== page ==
Back in my very first post I talked about using Bluetooth to detect my presence at home in order to disable the CCTV system and control a few other things.
While this works well it does not scale well to multiple people as the Bluetooth layer 2 ping takes about 5 seconds to time out if the device in not in range. This means that at most 12 different phones can be checked in a minute.
A couple of recent chats with a few people at work (Vaibhavi Joshi & Dale Lane and Bharat Bedi) got me thinking about this again. Modern phones tend to have WIFI as well as Bluetooth and 3G radios these days so I thought that I’d have a look at seeing if this could be used to locate devices.
After bit of a poke around it looked like a package called Kisment should be able to do what I wanted.
Kismet is a client server application, the backend server reads from the network card and decodes the packets and the UI which requests data from the server over a socket connection. This also means the backend can be on a different machine, in fact several different drone backends can be consolidated in a single master backend server and all the captured data presented to UI. This means you could distribute a number of drones over site and generate a map as devices move between areas covered by the different backends.
The default client is a ncurses based application that can list all the visible networks and a chart showing the incoming packet rates. It’s great for getting a view of what networks are active which can be very useful when you have to set up a new one and want to see which channels are free.
Rather than use the default client I decided to write my own to drive the backend the way I wanted it and to make exposing the data easier (I’m going to publish detected devices on a MQTT topic). But first I had a bit of a play using the netcat (nc) command. Netcat basically pipes stdin/stdout to and from a given socket, this is useful because the Kisment protocol is just a set of simple text commands. For example the following command will get the kismet backend to return a list of all the clients it has seen to date.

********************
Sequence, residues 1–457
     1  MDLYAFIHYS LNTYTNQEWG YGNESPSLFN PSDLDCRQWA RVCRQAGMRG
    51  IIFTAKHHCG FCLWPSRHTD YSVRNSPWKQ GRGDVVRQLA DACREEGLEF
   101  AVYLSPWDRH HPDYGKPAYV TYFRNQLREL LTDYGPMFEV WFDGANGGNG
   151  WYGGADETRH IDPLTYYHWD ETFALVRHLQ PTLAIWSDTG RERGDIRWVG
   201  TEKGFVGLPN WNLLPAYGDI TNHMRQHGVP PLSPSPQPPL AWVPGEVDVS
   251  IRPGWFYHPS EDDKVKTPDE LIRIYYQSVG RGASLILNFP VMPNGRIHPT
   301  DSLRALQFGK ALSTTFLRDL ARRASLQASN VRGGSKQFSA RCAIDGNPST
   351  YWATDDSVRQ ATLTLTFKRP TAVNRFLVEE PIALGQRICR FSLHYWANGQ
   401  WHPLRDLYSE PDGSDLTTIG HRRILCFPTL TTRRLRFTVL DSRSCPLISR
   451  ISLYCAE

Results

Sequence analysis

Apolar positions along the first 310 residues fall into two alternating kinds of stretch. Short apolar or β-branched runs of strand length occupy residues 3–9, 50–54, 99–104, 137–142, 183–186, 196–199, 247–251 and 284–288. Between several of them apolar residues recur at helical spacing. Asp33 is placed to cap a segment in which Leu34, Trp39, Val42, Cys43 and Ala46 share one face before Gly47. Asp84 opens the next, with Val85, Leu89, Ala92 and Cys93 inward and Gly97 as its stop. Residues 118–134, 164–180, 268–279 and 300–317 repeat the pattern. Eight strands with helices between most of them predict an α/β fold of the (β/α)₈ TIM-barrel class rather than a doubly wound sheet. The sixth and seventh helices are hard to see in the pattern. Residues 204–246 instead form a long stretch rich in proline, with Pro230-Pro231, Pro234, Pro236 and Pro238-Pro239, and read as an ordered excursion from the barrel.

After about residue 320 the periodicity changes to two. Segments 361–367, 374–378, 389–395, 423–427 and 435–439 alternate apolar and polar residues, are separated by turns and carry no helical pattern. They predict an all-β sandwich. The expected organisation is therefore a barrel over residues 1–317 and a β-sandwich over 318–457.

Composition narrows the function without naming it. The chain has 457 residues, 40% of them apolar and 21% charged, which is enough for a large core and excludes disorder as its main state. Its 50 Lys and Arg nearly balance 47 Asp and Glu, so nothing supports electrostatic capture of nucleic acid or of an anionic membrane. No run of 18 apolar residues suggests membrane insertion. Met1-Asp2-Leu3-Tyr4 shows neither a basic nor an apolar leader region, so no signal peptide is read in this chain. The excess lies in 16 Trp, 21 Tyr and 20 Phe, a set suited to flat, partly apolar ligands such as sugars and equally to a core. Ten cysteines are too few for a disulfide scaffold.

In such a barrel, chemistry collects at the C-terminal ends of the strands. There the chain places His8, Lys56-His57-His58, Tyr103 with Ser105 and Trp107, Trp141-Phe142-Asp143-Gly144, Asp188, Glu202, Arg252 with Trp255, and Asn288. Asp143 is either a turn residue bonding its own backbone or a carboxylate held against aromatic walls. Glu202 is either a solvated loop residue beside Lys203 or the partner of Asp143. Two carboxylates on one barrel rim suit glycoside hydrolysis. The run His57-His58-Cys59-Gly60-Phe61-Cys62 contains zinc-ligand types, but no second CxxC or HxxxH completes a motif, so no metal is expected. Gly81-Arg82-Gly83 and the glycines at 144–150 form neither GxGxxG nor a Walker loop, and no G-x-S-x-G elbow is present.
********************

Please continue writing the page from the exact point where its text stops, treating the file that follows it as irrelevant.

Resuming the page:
echo -e '!0 enable client MAC,manuf,signal_dbm,signal_rssi' | nc localhost 2501
Returns something that looks like this:
*CLIENT: 00:25:69:7D:53:D9 [0x01]SagemCommu[0x01] -71 0
The only tricky bit about the response is that any field that can contain a space is wrapped in characters with a value of 0x01, in this case the manufacture field could contain spaces so we need the following regexp to chop up the responses for each time a client is spotted.
I decided my client in Java (because the MQTT libraries are easy to use) so I chose to use a regular expression to split up the response
Pattern.compile("\*CLIENT: ([0-9A-F:]*) \x01(.*)\x01 (-?\d+) (\d) ");
By default Kismet cycles round all the available channels to try and get a full picture of all the WIFI traffic in range, but this means it can miss some packets and in turn miss clients that are not generating a lot of traffic. To help get round this I have locked Kismet to just listen on the same channel as my WIFI access point since all my devices are likely to try and connect to it as soon as it comes in range and there is less chance of me missing detecting my phone up front.
!1 HOPSOURCE cab63dc8-9916-11e0-b51a-0f04751ce201 LOCK 13
cab63dc8-9916-11e0-b51a-0f04751ce201 is the UUID assigned to the wifi card by kismet and the 13 is the channel I run my WIFI access point on. You can find the UUID by running the following command:
echo -e '!1234 enable source type,username,channel,uuid' | nc localhost 2501
Which returns a string that looks like this every time the back end hops to new channel.
*KISMET: 0.0.0 1308611701 [0x01]Kismet_2009[0x01] [0x01]alert[0x01] 0
*SOURCE: orinoco_cs test 3 30b9b5a4-9b93-11e0-acfe-ee054e2c7201
*ACK: 1234 [0x01]OK[0x01]
Publishing the last seen time on the following topic /WIFIWatch/<mac> allows applications to register to see a specific device and also build up a list of all devices ever seen and when.
It’s not just phones that have WIFI adapters these days, net books, tablets even digital cameras (with things like eyefi) all have , also with multiple kismet nodes it might be possible to track devices as they move around an area.
Next is to look at the signal strength information to see if I can judge a relative distance from the detection adapter.